From the Rappahannock Record
October 29, 2023
LOTTSBURG—Northern Neck Land Conservancy’s annual Boots and Barbecue event recently was held at Mount Zion Farm in Lottsburg.
One of several highlights was the announcement of the organization’s 2023 Conservation Champion award, reported executive director Lisa Biever. The Land Conservancy is committed to preserving working farms, forests, historical sites, scenic views, and healthy watersheds. The Conservancy supports landowners and is steward to conservation easements in six counties from Lancaster up to King George, as well as Essex County on the Middle Peninsula.
The Land Conservancy established its Conservation Champion Award in 2015 to recognize those who support the protection of the rural character of the Northern Neck in a significant way. A Conservation Champion must have significantly contributed to the protection of natural resources in the Northern Neck; or have contributed to preserving the rural heritage of the Northern Neck; or have educated the public about the benefits of conservation.
2023 Conservation Champion Laurie Schlemm serves on the Northern Neck Land Conservancy board and leads the Fund Development Committee. Her contributions to Northern Neck conservation are many, but one stands out, said Biever.
For the last five years and more, Schlemm has led a campaign to protect significant open space land for the people of King George County, the Northern Neck and the Commonwealth. Lake Caledon is a 455-acre parcel near Caledon State Park that was once owned by her in-laws. Peppermill Creek runs through almost a mile of the property into a 47-acre lake. In the words of Clyde Cristman when he was director of Virginia Conservation and Recreation, “Lake Caledon would be an incredible addition to Caledon State Park. This land has access to The Potomac Heritage National Scenic Trail, which is a non-motorized multi-use trail going from Pittsburg to the Chesapeake. A segment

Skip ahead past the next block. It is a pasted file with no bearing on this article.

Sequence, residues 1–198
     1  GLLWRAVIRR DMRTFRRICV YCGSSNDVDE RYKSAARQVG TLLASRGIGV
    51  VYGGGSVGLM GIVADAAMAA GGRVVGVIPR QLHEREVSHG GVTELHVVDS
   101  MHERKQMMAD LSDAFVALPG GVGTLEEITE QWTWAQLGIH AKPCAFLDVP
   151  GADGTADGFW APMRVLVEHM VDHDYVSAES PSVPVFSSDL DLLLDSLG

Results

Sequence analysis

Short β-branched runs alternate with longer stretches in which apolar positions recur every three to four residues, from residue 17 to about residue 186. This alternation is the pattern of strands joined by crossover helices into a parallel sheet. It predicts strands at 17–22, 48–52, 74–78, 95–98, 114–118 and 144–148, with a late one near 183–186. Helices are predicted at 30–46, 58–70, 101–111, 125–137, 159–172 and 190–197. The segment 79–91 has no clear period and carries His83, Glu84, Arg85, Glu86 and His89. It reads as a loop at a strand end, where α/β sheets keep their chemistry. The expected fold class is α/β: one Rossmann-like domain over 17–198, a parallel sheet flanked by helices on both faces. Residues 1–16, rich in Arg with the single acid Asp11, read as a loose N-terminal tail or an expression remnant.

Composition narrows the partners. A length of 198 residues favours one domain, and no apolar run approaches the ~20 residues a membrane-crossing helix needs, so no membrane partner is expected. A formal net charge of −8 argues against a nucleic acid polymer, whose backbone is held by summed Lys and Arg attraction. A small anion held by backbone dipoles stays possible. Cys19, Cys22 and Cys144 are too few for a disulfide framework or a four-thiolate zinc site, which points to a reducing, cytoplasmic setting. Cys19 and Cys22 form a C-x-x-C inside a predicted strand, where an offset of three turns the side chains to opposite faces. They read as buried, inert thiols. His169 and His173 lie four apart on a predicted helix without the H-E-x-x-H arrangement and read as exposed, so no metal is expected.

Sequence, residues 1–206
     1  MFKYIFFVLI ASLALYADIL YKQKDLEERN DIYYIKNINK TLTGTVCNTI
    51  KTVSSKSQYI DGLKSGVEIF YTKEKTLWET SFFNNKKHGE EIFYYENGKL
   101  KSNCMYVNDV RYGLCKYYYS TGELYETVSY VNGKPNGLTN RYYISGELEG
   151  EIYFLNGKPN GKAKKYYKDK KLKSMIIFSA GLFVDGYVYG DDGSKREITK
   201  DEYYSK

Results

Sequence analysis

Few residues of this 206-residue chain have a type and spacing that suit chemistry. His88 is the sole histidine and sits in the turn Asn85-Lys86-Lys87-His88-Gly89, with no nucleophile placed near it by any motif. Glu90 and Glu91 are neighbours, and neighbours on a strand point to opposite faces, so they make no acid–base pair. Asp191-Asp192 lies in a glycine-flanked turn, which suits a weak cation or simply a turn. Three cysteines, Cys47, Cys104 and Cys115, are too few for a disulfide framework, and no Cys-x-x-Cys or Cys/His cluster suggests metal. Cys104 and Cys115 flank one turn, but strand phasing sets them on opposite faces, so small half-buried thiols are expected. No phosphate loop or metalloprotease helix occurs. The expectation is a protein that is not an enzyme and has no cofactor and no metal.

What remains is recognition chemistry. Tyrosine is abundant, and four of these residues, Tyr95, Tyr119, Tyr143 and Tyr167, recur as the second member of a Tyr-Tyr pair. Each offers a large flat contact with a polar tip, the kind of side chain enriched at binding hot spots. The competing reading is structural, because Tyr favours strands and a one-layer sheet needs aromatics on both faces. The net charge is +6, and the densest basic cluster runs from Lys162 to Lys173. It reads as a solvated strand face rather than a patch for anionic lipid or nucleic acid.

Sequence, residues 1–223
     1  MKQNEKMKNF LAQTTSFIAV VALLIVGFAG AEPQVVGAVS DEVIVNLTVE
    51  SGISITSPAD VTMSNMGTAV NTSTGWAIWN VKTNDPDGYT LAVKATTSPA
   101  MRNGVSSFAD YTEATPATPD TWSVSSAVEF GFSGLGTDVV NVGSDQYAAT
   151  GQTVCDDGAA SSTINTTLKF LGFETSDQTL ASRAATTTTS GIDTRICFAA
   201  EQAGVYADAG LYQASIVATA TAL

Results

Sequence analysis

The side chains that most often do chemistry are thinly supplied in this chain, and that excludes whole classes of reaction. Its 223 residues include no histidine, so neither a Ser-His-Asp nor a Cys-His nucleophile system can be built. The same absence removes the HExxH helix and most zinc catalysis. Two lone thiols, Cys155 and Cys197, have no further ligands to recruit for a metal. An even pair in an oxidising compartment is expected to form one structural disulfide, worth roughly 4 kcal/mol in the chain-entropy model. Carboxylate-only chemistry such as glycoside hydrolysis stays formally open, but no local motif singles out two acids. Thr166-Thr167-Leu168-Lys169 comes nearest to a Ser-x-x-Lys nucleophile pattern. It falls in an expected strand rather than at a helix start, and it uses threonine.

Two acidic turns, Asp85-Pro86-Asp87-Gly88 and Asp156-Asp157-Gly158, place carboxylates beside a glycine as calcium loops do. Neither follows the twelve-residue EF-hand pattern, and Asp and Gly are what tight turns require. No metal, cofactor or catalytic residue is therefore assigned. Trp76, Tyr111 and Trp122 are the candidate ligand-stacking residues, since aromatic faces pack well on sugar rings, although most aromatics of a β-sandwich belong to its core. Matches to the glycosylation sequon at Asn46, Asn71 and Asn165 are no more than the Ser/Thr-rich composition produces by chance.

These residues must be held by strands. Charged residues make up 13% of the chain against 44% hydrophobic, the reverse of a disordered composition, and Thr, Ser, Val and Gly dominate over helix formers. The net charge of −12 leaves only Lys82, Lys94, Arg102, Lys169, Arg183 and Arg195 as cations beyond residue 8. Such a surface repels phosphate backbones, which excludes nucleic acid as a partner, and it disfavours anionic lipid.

of this trail is called the Dahlgren Railroad Heritage Trail, which travels through the marshes for almost a mile to Lake Caledon.”
Lake Caledon is home to bald eagles, otters, and blue and green herons, but a developer purchased the property planning to build 97 single-family homes. With the developer’s cooperation, and thanks to Schlemm, this is now very unlikely to happen.
While the effort to “Save Lake Caledon” is ongoing, it is not too soon for the tireless friend-raising and tenacious communication campaign she has undertaken, said Biever. Through her efforts federal, state, and local funders are now collaborating to make this wonderful new outdoor public resource a reality in the year ahead.
“We will succeed in protecting the natural and cultural resources of the Northern Neck when local citizens work together and take action,” said President James Russell. “I applaud Laurie’s leadership as a champion of conservation in the Northern Neck.”
Boots and Barbecue was a sell-out. It featured a barbecue buffet, music and exhibitors and demonstrations that reflect the character of the Northern Neck like Friends of the Rappahannock, Northumberland Association for Progressive Stewardship, Northern Neck Beekeepers, Northern Neck Hidden History Trail, the Patawomeck Indian Tribe of Virginia and the Rappahannock River Valley National Wildlife Refuge.